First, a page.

Abstract, published in Epilepsia
Objectives: Studies in adult epilepsy patients have shown higher rates of suicidal ideation and attempt, but similar studies in children are limited. Using the Rochester Epidemiology Project (REP) database, we compared the risk of self-injurious behavior and suicidal ideation in a population-based cohort of childhood epilepsy to controls. The REP is a collaboration of clinics, hospitals, and other medical facilities in Minnesota and Wisconsin and involves community members who have agreed to share their medical records for research.
Methods: Researchers studied 339 cases with epilepsy and 678 age- and sex-matched controls followed to an average age of 24.7 and 23.4 years, respectively, and identified 98 subjects with self-injurious behavior or suicidal ideation (43 with epilepsy and 55 controls). All behaviors were categorized using the Columbia Suicide Severity Rating Scale, which is a standard measure used to identify and assess individuals at risk for suicide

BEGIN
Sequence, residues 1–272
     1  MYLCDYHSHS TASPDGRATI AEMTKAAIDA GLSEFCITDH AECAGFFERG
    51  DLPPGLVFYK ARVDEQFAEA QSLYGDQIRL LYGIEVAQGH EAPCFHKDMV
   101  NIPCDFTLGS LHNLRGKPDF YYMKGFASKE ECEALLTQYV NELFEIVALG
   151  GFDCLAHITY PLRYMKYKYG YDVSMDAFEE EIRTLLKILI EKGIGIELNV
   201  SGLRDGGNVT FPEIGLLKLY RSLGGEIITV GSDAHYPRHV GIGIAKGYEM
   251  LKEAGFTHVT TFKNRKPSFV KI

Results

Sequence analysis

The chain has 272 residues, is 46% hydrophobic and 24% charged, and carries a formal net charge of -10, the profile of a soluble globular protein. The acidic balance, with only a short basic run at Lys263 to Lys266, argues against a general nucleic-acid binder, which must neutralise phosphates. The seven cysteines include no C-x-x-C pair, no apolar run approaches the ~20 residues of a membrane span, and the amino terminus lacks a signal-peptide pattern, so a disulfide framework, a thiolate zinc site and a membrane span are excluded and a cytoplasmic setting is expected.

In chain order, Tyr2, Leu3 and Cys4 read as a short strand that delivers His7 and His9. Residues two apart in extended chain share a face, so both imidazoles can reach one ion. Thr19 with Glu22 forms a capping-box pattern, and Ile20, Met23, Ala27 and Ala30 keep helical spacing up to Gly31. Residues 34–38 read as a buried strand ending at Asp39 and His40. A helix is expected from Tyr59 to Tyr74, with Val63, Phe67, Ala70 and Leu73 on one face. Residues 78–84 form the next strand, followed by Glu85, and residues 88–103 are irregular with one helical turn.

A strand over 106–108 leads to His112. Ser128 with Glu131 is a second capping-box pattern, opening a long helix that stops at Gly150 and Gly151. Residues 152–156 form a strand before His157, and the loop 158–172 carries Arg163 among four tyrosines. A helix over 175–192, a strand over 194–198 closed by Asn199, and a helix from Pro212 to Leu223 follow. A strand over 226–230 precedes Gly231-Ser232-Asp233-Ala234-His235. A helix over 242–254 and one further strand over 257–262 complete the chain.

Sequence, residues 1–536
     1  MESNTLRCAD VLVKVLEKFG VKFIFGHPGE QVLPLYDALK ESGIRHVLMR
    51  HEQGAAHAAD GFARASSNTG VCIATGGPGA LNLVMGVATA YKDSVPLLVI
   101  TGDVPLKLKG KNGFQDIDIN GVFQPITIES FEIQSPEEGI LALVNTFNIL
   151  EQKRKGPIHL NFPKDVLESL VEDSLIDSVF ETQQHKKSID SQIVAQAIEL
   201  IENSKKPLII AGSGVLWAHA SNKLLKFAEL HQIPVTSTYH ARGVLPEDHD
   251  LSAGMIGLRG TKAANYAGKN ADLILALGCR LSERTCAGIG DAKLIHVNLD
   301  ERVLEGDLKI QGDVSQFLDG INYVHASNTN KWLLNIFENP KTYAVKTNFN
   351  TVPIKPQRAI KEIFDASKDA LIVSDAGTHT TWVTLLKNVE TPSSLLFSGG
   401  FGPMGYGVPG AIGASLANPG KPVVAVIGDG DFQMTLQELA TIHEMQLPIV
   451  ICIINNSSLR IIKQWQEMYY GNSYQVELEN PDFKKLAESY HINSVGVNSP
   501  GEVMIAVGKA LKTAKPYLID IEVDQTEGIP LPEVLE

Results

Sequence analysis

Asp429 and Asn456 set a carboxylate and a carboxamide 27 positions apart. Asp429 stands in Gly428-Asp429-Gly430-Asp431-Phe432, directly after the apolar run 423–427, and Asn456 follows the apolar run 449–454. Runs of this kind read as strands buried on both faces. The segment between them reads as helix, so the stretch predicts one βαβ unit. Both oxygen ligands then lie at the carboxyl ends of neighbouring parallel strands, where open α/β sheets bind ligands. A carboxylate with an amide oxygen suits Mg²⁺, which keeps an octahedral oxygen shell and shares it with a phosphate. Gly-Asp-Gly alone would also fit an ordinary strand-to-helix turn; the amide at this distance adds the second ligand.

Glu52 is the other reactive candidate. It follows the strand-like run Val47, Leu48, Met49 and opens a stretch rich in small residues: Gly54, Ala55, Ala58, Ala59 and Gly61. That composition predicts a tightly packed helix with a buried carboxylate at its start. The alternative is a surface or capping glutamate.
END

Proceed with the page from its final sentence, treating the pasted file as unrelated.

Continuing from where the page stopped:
Results: Those with epilepsy had a significantly higher rate of any self-injurious behavior and suicidal ideation and tended to have an increased risk of suicidal ideation and attempt. The prevalence of preceding mood and substance abuse disorders was similarly high in both cases and controls with self-injurious behavior or suicidal ideation; however, preceding attention-deficit/hyperactivity disorder was more than twice as common in the epilepsy cases. Among cases with epilepsy, we did not identify any specific epilepsy-related variable that was significantly correlated with risk of self-injurious behavior or suicidal ideation.
Significance: Children, teens, and young adults with a history of childhood epilepsy are at greater risk of self-injurious behavior, highlighting the need for careful screening of mental health concerns as part of routine epilepsy care.